Tata Steel secures electricity connection for low-carbon furnace

Pictured: Port Talbot steel works, Wales

The transition is expected to be completed by the end of 2027. The site’s two existing blast furnaces will come offline by the end of this year and will be replaced with one 3.2-tonne electric arc furnace, with construction set to start in 2025.

Funding for the project was announced in September last year; the UK Government is set to provide £500m and Tata will pay the rest of the £1.25bn bill.

By some estimates, electric arc furnaces can cut greenhouse gas emissions from the steel production process by 75%. Savings can be even higher when recycled materials are used.

Tata Steel UK’s chief executive Rajesh Nair said: “Having access to higher-power electricity is a foundation stone for greener steelmaking, regardless of the technology choice. That’s why we’ve been working closely with the ESO and National Grid for a number of years on how to strengthen our power infrastructure.

“This agreement means we will have sufficient power for our new electric arc furnace and the capability in the longer-term to further strengthen our business.”

Just transition?

While a transition away from blast furnaces is necessary to align the global steel sector with the Paris Agreement, the way in which the transition has been designed in Port Talbot has sparked an outcry from the local community and from trade unions.

By some estimates, up to 2,800 jobs at the site, which currently employs around 4,000 people, will be lost.

Tata has maintained that its options were either the total closure of Port Talbot and its other UK steel bases, or the electric arc furnace route. Some think-tanks and unions have argued that hydrogen technology options should have been on the table to safeguard more jobs.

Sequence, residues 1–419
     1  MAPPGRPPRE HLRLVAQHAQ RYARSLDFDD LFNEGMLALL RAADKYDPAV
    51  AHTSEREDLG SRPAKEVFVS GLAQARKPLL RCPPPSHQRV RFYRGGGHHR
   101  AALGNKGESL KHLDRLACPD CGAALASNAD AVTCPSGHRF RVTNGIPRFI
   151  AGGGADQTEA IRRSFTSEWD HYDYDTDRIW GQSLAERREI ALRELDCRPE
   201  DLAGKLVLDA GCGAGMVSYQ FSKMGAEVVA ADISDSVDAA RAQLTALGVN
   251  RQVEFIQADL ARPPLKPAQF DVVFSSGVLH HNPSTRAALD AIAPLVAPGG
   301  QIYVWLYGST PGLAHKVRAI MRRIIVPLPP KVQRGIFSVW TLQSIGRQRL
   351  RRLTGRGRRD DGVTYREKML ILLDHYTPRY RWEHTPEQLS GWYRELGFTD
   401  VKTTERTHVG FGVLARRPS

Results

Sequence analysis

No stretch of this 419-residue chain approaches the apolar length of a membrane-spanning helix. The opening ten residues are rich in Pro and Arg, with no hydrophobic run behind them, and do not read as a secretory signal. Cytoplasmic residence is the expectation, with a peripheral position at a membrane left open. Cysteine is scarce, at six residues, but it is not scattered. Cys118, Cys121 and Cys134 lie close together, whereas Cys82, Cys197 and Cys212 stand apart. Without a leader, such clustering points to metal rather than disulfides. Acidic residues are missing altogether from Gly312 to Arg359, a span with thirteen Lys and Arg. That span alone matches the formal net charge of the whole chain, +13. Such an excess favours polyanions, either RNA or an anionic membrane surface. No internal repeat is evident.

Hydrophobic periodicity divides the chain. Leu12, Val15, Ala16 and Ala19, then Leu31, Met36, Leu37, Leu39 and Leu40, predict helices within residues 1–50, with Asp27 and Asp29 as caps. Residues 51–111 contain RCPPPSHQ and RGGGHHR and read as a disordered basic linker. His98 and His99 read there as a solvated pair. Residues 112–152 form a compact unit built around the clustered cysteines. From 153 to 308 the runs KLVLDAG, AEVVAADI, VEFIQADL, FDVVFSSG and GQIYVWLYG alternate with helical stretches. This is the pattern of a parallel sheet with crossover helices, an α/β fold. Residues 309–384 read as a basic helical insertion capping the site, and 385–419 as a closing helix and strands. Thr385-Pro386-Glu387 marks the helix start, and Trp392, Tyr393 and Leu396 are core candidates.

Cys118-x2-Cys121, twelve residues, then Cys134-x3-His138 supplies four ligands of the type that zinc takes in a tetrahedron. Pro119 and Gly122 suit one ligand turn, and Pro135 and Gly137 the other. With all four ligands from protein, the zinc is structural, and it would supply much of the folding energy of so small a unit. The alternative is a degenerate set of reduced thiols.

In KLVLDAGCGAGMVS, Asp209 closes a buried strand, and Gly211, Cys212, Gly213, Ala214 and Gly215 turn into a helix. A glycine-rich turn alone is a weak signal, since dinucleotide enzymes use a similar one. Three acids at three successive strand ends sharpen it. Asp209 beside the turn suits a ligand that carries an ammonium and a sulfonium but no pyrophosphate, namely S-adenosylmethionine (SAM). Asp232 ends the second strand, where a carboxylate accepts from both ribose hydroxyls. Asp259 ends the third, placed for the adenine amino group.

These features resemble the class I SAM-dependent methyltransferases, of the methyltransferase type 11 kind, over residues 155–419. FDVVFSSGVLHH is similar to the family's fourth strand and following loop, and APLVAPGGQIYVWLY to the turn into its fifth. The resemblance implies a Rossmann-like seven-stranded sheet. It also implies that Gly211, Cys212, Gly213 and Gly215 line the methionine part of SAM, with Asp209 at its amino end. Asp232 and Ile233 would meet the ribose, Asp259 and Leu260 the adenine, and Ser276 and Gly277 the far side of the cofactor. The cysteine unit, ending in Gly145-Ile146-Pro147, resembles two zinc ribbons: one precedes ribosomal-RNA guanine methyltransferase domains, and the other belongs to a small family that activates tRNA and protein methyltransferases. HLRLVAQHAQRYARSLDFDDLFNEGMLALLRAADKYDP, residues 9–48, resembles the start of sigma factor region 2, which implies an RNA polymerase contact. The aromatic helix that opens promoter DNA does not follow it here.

Decision-makers at Tata recently told MPs that they are looking to secure £80m from the UK Government to put towards a £100-130m fund to retrain workers.

Industry Minister Alan Mak said the Government’s support for the steel industry will be “unwavering” during the low-carbon transition.

The Young Foundation and the Institute for Community Studies warned earlier this year that existing environmental policies in the UK could push already vulnerable families and communities further into deprivation and exclusion. The organisations are calling for Ministers to offer revamped policies to give prioritisation to decarbonisation options that also create and/or safeguard jobs and livelihoods.

Related feature: What is a Just Transition? And why do we need one?

Comments (1)

  1. Richard Phillips says:

    We would do well to remember that the electricity to run these units will come. in main, from natural gas, via gas turbines.
    The only fully controllable, non-carbon, electrical energy source which we have, is nuclear.
    Even after the present new-build reactors, we will still have room in our base demand for more nuclear energy.

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